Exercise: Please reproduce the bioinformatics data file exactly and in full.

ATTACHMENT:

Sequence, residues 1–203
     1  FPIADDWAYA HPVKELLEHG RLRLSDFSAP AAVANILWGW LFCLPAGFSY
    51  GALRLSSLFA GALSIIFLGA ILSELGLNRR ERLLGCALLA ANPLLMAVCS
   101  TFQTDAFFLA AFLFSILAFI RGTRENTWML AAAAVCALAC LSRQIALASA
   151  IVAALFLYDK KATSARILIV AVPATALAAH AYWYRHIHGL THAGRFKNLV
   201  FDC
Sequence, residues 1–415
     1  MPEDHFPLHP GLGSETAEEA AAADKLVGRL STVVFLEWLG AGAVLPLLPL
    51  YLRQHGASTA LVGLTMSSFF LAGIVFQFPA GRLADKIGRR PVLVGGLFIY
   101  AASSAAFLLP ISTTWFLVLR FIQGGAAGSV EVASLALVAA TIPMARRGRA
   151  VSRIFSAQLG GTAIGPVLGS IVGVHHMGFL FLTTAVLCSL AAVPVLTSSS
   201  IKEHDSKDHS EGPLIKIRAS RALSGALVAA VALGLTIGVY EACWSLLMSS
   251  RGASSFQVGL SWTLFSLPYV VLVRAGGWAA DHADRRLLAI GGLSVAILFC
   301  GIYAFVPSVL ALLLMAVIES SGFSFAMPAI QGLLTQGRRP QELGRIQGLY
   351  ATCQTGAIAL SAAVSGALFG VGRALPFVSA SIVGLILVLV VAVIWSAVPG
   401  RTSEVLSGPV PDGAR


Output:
Sequence, residues 1–203
     1  FPIADDWAYA HPVKELLEHG RLRLSDFSAP AAVANILWGW LFCLPAGFSY
    51  GALRLSSLFA GALSIIFLGA ILSELGLNRR ERLLGCALLA ANPLLMAVCS
   101  TFQTDAFFLA AFLFSILAFI RGTRENTWML AAAAVCALAC LSRQIALASA
   151  IVAALFLYDK KATSARILIV AVPATALAAH AYWYRHIHGL THAGRFKNLV
   201  FDC
Sequence, residues 1–415
     1  MPEDHFPLHP GLGSETAEEA AAADKLVGRL STVVFLEWLG AGAVLPLLPL
    51  YLRQHGASTA LVGLTMSSFF LAGIVFQFPA GRLADKIGRR PVLVGGLFIY
   101  AASSAAFLLP ISTTWFLVLR FIQGGAAGSV EVASLALVAA TIPMARRGRA
   151  VSRIFSAQLG GTAIGPVLGS IVGVHHMGFL FLTTAVLCSL AAVPVLTSSS
   201  IKEHDSKDHS EGPLIKIRAS RALSGALVAA VALGLTIGVY EACWSLLMSS
   251  RGASSFQVGL SWTLFSLPYV VLVRAGGWAA DHADRRLLAI GGLSVAILFC
   301  GIYAFVPSVL ALLLMAVIES SGFSFAMPAI QGLLTQGRRP QELGRIQGLY
   351  ATCQTGAIAL SAAVSGALFG VGRALPFVSA SIVGLILVLV VAVIWSAVPG
   401  RTSEVLSGPV PDGAR